What’s in Bloom | Purpletop Grass
August 10, 2020
Purpletop Grass (Tridens flavus) is a perennial, warm season grass native to central and eastern regions of the United States. It is adapted to shallow, infertile soils and can often grow along roadsides or in open woodlands.
Purpletop is a bunchgrass that typically grows between 2 to 6′ tall with narrow, glossy green leaves up to 2′ long. The dark purple seadhead is in an open cluster about 8 to 14″ long and covered with an oily substance (the reason for one of its nicknames, “grease grass”). The colorful seadheads appear in late summer and last through the fall. When planted en masse it gives a field a beautiful purple glow. It produces about 465,000 seeds per pound.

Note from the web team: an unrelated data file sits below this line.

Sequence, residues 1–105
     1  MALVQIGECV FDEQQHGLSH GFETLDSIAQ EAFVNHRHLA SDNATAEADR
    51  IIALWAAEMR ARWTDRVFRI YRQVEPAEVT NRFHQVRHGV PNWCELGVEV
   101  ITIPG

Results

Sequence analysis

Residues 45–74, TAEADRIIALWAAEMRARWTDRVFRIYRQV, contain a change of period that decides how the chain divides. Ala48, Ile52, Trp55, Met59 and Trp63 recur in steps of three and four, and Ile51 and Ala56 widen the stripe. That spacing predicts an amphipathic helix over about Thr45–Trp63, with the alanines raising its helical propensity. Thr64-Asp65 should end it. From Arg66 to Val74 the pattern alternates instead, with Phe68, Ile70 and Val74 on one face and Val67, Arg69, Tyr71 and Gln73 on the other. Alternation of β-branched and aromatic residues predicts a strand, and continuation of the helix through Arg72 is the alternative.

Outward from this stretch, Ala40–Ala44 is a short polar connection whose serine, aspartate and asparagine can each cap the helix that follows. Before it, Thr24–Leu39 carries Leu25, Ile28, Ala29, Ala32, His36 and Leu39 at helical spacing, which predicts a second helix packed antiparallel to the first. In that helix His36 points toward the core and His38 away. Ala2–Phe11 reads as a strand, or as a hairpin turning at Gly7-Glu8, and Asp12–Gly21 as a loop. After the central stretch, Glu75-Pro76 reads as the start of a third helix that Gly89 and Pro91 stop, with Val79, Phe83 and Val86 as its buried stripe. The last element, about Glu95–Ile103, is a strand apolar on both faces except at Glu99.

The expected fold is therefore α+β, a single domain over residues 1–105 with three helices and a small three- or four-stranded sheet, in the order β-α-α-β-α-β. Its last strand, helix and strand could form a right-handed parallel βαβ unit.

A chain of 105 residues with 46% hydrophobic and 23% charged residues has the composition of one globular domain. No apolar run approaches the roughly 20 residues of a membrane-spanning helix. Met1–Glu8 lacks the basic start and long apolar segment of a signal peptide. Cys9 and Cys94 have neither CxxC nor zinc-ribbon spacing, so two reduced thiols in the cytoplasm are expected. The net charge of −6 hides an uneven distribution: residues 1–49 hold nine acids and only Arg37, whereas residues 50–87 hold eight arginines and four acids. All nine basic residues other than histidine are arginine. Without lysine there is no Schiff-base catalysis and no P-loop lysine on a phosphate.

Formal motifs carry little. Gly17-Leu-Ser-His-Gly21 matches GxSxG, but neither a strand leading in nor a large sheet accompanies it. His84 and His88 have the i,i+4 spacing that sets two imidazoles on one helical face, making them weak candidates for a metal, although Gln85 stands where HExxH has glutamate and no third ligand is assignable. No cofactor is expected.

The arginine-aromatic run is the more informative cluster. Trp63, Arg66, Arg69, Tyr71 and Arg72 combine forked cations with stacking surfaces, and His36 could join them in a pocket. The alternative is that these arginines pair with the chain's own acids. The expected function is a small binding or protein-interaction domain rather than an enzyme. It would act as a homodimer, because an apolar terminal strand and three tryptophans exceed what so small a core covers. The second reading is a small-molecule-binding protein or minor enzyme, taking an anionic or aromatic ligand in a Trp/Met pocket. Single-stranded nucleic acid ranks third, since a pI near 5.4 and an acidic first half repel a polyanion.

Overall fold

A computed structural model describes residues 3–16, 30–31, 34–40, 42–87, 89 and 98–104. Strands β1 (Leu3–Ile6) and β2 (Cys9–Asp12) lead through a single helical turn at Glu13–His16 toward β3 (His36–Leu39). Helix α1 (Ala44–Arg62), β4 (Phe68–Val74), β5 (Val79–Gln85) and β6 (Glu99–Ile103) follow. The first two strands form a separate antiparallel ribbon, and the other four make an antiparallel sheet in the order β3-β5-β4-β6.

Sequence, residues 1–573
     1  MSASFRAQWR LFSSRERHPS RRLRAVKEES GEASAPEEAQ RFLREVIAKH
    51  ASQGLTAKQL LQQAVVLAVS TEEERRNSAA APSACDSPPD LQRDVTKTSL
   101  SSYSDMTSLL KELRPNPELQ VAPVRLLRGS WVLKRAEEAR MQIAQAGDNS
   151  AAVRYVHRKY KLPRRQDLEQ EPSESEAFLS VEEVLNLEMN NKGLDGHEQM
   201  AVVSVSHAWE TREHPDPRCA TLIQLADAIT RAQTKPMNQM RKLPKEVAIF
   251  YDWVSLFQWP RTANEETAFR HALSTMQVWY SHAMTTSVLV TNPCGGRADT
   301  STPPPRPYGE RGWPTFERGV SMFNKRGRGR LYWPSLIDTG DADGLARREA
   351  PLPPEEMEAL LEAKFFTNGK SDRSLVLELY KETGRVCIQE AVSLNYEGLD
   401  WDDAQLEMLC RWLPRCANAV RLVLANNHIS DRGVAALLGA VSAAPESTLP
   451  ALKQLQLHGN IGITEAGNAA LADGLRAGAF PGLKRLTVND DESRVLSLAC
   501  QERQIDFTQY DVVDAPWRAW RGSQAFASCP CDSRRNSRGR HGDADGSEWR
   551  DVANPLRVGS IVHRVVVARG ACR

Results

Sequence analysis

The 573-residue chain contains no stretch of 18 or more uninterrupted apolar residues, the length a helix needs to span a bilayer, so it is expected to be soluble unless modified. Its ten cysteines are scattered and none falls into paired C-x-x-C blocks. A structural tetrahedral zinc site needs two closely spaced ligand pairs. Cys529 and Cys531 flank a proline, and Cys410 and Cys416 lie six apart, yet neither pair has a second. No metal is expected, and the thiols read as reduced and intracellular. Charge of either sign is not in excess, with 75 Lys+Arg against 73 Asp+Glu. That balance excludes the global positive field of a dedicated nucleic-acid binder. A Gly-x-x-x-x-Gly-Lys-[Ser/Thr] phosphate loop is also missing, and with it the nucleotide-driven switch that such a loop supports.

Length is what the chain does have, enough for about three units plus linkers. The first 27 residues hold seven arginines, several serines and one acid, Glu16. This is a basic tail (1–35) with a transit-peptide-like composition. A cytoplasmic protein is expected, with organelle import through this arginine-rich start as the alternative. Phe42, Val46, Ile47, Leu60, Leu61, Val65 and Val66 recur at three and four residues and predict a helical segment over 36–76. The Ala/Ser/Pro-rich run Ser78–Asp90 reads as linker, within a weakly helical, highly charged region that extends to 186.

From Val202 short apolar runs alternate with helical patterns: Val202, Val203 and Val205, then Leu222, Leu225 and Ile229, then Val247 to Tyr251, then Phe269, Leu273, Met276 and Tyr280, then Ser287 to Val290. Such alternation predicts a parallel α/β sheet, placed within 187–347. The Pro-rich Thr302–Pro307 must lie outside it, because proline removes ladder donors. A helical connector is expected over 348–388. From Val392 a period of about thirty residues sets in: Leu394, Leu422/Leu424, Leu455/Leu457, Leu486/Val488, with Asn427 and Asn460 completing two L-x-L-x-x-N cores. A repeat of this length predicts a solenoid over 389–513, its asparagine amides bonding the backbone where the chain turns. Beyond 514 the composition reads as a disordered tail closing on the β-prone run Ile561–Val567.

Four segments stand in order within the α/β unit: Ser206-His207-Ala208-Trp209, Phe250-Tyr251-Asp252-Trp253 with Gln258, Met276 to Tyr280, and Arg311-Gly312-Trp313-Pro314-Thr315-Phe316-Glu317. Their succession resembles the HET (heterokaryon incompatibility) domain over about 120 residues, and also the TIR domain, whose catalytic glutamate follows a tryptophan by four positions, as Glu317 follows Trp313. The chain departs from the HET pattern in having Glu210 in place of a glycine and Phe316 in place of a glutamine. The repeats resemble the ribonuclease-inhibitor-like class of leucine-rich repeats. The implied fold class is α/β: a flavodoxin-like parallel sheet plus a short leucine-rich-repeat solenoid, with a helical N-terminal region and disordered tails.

Purpletop grass is often eaten by livestock and the seedheads provide a food source for various species of birds and mammals. It also benefits biodiversity as a larval host to several butterfly, moth, and skipper species such as Common Wood Nymph (Cercyonis pegala), Crossline Skipper (Polites origenes), Little Glassywing (Pompeius verna), and Broad-winged Skipper (Poanes viator).